Monday March 17, 2003 11:19 PM
Hoots n' Boots, Kittens, and Pogo-Painting

Ruth has been wanting to paint our living room for a long time now.

We'd selected the color some months ago, but hadn't gotten around to buying it or doing anything more to implement the plan than choose the shade. It was down to a shootout between "Frog's Jump" and "Savannah Moss". I liked the frivolity of Frog's Jump, but it was just a little too Kermit-colored for my taste so the battle went to the classical serenity of Savannah Moss.

I came home Tuesday evening and saw two paint cans sitting on the floor in the entryway, but I ignored them knowing that they'd come up sooner or later and curious about how much Ruth had spent on them. I also didn't mention that I'd seen them because I knew there was now no excuse left for not painting. My attitude towards the paint changed later in the evening when I learned that Ruth had paid nothing for them since her mother had bought them for her as a birthday present. I was somewhat nonplussed, though, when she mentioned to me that she and her mother planned to paint the family room Thursday, Ruth's birthday, while Isaiah was at preschool.

I was nonplussed for two reasons. First, I knew that the job was bigger than Ruth and her mother could handle in a morning- or indeed in a day, and second, I'd always envisioned us painting the room together. When I mentioned these thoughts to Ruth, she changed her plans and we decided to paint the room on Friday night. That would also fit in perfectly with the fact that Isaiah was scheduled to spend his first sleepover at Uncle Mark's new house Friday night so he would be out of the way and we wouldn't have to worry about him "helping" us paint.

Friday Ruth spent a good deal of time getting most of the stuff in the family room migrated to different locations in the house- mainly the living room and dining room. All that remained to be moved was the couch, the telephone/end table, the computer desk, and the entertainment center with the massively heavy TV set in it, though she had removed all the videocassettes from the entertainment center.

Ruth had a surprise for me when I got home- Mama, a cat who had started out as a stray but who had ended up living mainly in our basement entering and leaving at will via an opening awaiting warmer weather for repair, had given birth to three kittens that morning. She'd chosen a box filled with Styrofoam shipping popcorn and an old computer printer for her delivery room. We'd been wondering how soon the blessed even would occur since we'd been referring to Mama as Mama-Grande for some weeks. What was remarkable was that when Ruth went downstairs to do some laundry, Mama went to her and took her right to the kittens who were only hours old.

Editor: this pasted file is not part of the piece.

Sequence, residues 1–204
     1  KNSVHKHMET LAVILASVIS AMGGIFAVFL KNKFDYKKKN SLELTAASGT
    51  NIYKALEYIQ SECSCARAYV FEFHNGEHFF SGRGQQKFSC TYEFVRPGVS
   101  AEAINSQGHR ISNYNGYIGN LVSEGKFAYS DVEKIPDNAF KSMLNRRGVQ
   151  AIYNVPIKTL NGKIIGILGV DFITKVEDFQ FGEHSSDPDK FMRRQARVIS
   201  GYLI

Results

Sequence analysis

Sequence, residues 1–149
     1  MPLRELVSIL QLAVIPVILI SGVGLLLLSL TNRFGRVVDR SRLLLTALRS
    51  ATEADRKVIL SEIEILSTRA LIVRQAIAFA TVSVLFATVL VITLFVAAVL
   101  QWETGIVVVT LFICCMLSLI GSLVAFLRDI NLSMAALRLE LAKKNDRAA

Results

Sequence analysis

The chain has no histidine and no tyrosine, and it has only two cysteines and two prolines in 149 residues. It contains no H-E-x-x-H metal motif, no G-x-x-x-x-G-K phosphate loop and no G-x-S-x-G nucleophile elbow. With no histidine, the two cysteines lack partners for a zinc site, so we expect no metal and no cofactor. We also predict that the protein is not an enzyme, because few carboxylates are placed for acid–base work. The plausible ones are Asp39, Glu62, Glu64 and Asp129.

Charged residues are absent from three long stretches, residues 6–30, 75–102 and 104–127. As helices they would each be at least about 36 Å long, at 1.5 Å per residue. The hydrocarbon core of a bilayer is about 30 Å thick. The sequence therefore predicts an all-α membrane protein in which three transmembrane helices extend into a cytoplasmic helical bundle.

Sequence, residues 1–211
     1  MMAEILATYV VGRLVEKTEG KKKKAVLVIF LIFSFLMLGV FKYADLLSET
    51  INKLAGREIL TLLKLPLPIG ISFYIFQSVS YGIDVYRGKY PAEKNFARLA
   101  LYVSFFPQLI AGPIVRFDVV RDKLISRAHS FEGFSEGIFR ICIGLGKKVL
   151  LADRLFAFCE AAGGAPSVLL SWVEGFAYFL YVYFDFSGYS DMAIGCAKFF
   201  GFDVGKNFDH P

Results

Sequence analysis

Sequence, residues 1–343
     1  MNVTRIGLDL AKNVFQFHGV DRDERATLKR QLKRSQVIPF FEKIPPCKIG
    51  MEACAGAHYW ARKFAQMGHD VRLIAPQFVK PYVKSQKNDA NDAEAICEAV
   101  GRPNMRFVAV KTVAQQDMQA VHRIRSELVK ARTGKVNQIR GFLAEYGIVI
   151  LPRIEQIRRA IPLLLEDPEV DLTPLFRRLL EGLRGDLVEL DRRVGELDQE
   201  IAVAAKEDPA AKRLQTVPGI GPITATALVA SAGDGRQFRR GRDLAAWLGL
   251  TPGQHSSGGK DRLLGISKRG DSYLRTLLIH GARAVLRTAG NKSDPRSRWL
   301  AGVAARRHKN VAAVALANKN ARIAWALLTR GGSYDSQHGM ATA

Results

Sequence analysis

Uncle Mark and the Denbys showed up about 6:30 to pick up Isaiah. They were all going to dinner together. I strapped Isaiah's car seat into Uncle Mark's car while Ruth loaded all the boy's loot into the other side of the backseat. When we got him strapped in and had waved goodbye as they all took off, we went back inside to get to work.

It took us at least an hour just to get all the remaining stuff away from the walls. We didn't bother moving it to another room since the family room is large enough to just shove all the stuff into the middle and still have clearance to paint the walls. The couch and end table didn't take long, and the entertainment center was easy to move once I'd hefted the TV out of it, but the computer desk took a while. I thought I'd be slick and just remove the monitor and then shift the desk without wasting time unloading all the various sorts of just that were piled in, on, and around it but when I tried to lift it the cheap particle board and fiberboard thing started to come apart. So I bit the bullet and spent about twenty minutes filling two and a half big boxes with CDs; floppy disks; papers; books; random electronic cords, adapters, and junk; and a number of robot toys and models.

Once we had the stuff in the room out of the way we were ready to- finish applying the fancy blue painter's tape Ruth had bought to the woodwork and mouldings. That didn't take long, even counting the time I spent explaining to my defensive wife that she'd done a fine job masking the parts she'd done while I was at work, but that a second line of tape along the bottom of the first had saved my bacon a number of times in the past.